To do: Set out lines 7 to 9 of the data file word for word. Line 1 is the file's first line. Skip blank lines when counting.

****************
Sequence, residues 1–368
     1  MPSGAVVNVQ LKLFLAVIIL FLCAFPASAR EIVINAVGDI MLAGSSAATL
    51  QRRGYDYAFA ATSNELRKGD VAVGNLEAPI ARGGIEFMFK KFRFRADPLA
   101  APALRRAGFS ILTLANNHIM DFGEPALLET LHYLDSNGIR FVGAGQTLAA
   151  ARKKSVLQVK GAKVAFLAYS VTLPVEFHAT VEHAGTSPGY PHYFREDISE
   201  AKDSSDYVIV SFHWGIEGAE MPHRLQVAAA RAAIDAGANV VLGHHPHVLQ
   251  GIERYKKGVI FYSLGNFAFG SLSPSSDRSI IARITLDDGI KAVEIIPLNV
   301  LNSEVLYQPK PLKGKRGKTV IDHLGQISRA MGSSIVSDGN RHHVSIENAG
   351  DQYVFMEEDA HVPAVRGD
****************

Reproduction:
   251  GIERYKKGVI FYSLGNFAFG SLSPSSDRSI IARITLDDGI KAVEIIPLNV
   301  LNSEVLYQPK PLKGKRGKTV IDHLGQISRA MGSSIVSDGN RHHVSIENAG
   351  DQYVFMEEDA HVPAVRGD